This will never stop until the police are punished for their actions. Anger and rage will not suffice, we need to punish the police severly (and all who support them) so they would rather take the chance of being bitten by a dog than face the consequences of shooting it.

    Protect & Serve (Themselves!)

  16. #16 |  Maria | 

    @14 I know, they always make it sound like some nebulous force beyond will, beyond self directed action, beyond choice causes these officers to be in situations where guns go off and shoot hapless dogs.

    If I used such terminology in my job I’d be marched up to HR and written up about my passive aggressiveness and inability to accept responsibility for my own poor choices and mistakes.

  17. #17 |  el coronado | 

    If any of y’all were wondering whether our transition to an outright Police State is complete, you can stop now. Been reading this blog for 3+ years now, and the puppycide posts are coming ever faster and more tragic: cops are clearly killing dogs just because a) for a certain type of asshole – the kind who gravitates to copping – killing dogs is FUN! b) because they KNOW, with absolute certainty, that they’ll get away with it without so much as a warning char placed in their personnel file.

    And the outrage on sites such as this has devolved to muted discussion over the use of passive voice and/or terminology in the report the dog killer uses to justify his contemptible cowardly acts. This on a (supposedly) Libertarian site. *sigh* Damn, I hate having been born 100 years too late these days…..I really do.

  18. #18 |  Burgers Allday | 

    Been reading this blog for 3+ years now, and the puppycide posts are coming ever faster and more tragic: cops are clearly killing dogs just because a) for a certain type of asshole – the kind who gravitates to copping – killing dogs is FUN! b) because they KNOW, with absolute certainty, that they’ll get away with it without so much as a warning char placed in their personnel file.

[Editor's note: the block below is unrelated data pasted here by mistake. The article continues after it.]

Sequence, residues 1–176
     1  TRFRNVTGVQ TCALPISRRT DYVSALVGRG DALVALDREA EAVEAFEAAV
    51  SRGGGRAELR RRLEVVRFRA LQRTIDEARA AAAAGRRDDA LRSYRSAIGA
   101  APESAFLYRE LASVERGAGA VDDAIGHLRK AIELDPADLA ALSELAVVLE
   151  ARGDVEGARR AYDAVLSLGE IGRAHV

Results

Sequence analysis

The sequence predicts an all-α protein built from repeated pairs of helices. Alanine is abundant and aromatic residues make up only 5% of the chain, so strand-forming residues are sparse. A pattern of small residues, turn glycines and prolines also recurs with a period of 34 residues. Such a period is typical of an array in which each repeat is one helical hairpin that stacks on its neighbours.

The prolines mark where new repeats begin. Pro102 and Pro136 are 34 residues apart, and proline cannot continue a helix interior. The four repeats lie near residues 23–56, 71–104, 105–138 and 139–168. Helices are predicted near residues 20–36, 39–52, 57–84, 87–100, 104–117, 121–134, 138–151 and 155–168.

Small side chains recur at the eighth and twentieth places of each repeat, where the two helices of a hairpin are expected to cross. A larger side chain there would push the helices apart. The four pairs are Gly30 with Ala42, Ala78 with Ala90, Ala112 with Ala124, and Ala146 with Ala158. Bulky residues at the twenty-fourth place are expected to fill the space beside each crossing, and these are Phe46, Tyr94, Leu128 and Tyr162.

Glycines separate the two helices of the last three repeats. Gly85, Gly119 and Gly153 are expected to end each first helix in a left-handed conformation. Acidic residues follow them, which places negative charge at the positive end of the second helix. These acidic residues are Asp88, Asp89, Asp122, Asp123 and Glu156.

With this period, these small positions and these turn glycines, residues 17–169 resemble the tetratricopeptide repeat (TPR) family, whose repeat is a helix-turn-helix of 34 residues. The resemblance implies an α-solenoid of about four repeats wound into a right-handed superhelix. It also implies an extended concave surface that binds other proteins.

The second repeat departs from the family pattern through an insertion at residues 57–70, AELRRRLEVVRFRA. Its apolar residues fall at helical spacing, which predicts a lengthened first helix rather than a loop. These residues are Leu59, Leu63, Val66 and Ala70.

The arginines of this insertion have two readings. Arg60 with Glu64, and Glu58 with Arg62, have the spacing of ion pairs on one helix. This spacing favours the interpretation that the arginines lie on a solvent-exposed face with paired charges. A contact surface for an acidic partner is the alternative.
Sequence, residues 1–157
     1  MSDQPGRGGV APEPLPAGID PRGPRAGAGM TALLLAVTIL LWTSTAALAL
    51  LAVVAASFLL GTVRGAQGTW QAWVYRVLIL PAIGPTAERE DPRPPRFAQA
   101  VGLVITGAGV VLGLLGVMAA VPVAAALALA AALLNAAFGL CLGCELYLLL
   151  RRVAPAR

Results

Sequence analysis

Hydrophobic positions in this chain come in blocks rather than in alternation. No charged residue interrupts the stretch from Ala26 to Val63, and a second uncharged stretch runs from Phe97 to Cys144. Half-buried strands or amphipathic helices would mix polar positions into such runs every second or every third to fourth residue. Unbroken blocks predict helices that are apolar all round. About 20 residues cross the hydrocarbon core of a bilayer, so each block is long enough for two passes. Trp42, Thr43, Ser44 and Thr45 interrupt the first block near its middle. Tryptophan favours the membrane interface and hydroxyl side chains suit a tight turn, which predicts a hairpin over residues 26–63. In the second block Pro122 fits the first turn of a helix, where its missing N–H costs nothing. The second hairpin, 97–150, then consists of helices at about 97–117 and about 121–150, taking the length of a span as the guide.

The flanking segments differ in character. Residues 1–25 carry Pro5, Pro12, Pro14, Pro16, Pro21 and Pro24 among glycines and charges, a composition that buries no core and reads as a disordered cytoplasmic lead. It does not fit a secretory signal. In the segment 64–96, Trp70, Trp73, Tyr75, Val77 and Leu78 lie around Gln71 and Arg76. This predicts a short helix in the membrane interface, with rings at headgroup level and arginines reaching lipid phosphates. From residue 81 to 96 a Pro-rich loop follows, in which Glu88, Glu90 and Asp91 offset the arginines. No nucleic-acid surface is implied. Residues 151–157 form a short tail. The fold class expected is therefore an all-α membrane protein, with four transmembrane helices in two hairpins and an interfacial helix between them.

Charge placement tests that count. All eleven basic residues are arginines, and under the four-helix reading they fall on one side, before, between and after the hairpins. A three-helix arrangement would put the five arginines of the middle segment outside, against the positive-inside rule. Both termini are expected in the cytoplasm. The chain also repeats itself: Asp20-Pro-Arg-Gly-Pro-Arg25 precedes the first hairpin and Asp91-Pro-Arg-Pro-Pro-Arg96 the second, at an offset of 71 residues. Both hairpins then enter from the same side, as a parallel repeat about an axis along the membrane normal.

No. The reason is that they are coming back from Iraq and becoming policemen here in the US. Any policeman who served in either of the Gulf Wars will always shoot the dog and never not shoot the dog. That is how their are trained deep deep down in their hearts and their minds.

    Now we don’t even get to know their names whe they shoot the dog. Again, this is the Iraq War coming home.

  19. #19 |  Tragedy | Lawyers on Strike | 

    […] This is another reason cops should maybe be mostly unarmed, but not as serious. Share this:FacebookTwitterLinkedInMoreEmailRedditDiggStumbleUponPrintTumblrLike this:LikeBe the first to like this. […]

  20. #20 |  (B)oscoH, Yogurt Eater | 

    RIP Monkey.

  21. #21 |  winston smith | 

    #15 | Dante’s right.

    “This will never stop until the police are punished for their actions.”

  22. #22 |  KristenS | 

    The question of feelings and motivations, of “why” the police officer fired his weapon: these are properly topics for a board of inquiry. They should not be posited in the police report.

    This was a press release, not a report.

  23. #23 |  Linda | 

    It is a sad, sad day when a police officer investigating a crime, creates additional victims.

  24. #24 |  Fascist Nation | 

    Of course. They have a gun. They can do as they please. Serf!

  25. #25 |  Fascist Nation | 

    Funny how them dogs never seem to bother the fleeing suspects, eh?

  26. #26 |  GeneralGarbage | 

    We are all hajis now.

  27. #27 |  el coronado | 

    @#18 –